‘My partner and I have been separated for some time. we have a child together and for some time he had contact with her only for me to subsequently discover he was arrested for unrelated child abuse offences. He’s been in and out of prison and me and my child are frightened that he will continue to have an influence on her life by association. How do we deal with this?
Court guidance; restriction of child arrangements, parental responsibility, and surname change
by Rob Price | Associate Solicitor – Family Law
The very first question that a court is going to ask itself is this; Is it in your daughter’s best interests for there to be contact between her and her father? What is paramount in your case is what is the relationship like now between father and daughter and what are the risks to your daughter of this continuing? The courts often address these issues and indeed have recently done so in April this year when the High Court considered very similar circumstances facing a family.
Father/daughter have the right to a relationship and time together just as you do as a mother. Parents who share parental responsibility do so regarding the upbringing of their children. Those are all rights, duties, powers, responsibilities, and authority attributable to your daughter.
Your daughter’s surname is shared between you because you are not married.
As Mother and indeed primary carer, you are perfectly entitled to determine what is in the best interests of your daughter. But so is Father.
You can exercise your right to ask the court to consider what is in your daughter’s best interests instead here because you have the right to ask that Father’s rights concerning your daughter are limited or removed.
Your daughter’s interests are of paramount importance to the court. First and last consideration. Always. Is it right that the court should limit or remove the father/daughter’s rights to contact and how parental responsibility is exercised? Is that really in the best interests of a child, whose fundamental right is to have both parents involved in their life, and for this right to be removed? Ordinarily, a court would not order that. All alternatives are explored first to protect all rights within the family if those remain in the best interests of the child.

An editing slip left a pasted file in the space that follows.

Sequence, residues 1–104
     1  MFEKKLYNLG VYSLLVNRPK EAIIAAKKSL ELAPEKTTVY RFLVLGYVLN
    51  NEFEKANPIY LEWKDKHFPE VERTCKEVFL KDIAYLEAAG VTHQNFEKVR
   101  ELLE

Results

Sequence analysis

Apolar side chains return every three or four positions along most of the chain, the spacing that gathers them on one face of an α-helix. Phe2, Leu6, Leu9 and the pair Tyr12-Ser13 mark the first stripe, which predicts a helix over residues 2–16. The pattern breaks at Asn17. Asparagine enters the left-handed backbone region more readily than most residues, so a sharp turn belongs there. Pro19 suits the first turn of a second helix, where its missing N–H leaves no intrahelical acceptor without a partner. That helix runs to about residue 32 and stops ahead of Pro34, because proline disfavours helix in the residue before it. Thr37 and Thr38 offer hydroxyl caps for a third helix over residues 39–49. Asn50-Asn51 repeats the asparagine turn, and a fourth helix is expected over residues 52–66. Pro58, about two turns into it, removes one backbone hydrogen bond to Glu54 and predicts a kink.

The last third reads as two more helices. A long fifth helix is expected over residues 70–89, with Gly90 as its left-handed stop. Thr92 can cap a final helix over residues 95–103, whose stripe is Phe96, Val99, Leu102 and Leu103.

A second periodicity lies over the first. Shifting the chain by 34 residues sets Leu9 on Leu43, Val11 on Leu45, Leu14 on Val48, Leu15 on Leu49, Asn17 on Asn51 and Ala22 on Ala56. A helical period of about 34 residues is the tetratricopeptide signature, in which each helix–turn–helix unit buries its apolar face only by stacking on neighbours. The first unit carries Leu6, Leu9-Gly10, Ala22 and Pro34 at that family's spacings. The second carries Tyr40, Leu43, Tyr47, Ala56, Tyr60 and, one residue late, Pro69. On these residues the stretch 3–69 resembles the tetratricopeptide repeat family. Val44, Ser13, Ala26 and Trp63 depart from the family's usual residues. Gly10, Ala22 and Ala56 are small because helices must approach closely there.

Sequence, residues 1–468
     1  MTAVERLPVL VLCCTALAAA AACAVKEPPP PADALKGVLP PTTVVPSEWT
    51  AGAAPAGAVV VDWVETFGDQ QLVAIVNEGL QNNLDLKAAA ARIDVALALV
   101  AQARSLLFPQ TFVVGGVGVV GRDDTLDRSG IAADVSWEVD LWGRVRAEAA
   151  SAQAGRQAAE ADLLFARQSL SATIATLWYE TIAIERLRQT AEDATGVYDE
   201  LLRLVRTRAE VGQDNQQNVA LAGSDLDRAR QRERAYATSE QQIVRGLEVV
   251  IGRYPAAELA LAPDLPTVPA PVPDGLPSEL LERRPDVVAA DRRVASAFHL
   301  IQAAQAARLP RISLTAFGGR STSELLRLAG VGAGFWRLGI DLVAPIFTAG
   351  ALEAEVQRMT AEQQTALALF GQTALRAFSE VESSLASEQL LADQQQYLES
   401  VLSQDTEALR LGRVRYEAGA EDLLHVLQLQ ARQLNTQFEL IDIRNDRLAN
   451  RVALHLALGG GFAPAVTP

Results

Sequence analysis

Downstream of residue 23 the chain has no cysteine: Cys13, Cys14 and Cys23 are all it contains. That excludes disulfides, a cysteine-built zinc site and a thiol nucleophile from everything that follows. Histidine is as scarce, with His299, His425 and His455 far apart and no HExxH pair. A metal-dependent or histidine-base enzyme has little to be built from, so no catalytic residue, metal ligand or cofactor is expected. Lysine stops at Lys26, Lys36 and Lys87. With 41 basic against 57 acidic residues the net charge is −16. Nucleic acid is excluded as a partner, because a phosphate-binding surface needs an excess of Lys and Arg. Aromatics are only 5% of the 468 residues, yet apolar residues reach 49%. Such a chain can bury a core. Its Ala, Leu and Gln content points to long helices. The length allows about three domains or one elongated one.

In April 2021, the High Court had to address exactly this. Removing these rights from a parent is a monumental decision for a court to make so please bear this in mind when considering how the court approached this issue.
- Is there a relationship between Father and Daughter? If there is, is it dangerous to the child’s welfare for this to continue at all?
- What is the risk of continuing contact to the Daughter’s welfare and indeed your own, physically, emotionally, educationally?
- Would any lesser step be of benefit to the welfare of your daughter rather than no contact e.g. indirect contact by letter/email, supervised contact, photographs of Daughter sent to Father?
Change of surname
- Is there a good reason why the formal biological link by surname should be severed?
- What has been the association between Father and Daughter since registration of name? Has it been close? Ongoing? Sporadic? Non-existent?
- Does Daughter’s association with Father’s surname, given his behaviour/convictions, cause harm by, e.g. stigma, to the emotional physical and/or educational welfare of Daughter if the surname remains?
Removing parental responsibility
- What is the emotional attachment, if at all, between Father and Daughter?
- What is the Father’s level of commitment to the Daughter’s ongoing welfare?
- What steps has Father taken to address his behaviour and mitigate ongoing risk?
- If Father were to apply for parental responsibility today, would this be granted by a court?
These questions are not the only ones that needed to be asked/answered but are derived from a wide range of child safeguarding issues that a court must and do address when determining the best interests of a child. The outcome of this case is rare because it severed all links between the father and child. For that to happen, overwhelming evidence of harm to the child’s ongoing welfare needs to be determined.
What is important for you to understand is that safeguarding is a fundamental element of child protection which is vigorously applied by the courts in cases of this nature.
It’s a very difficult one but do call us and we can talk you through this, sensitively and carefully.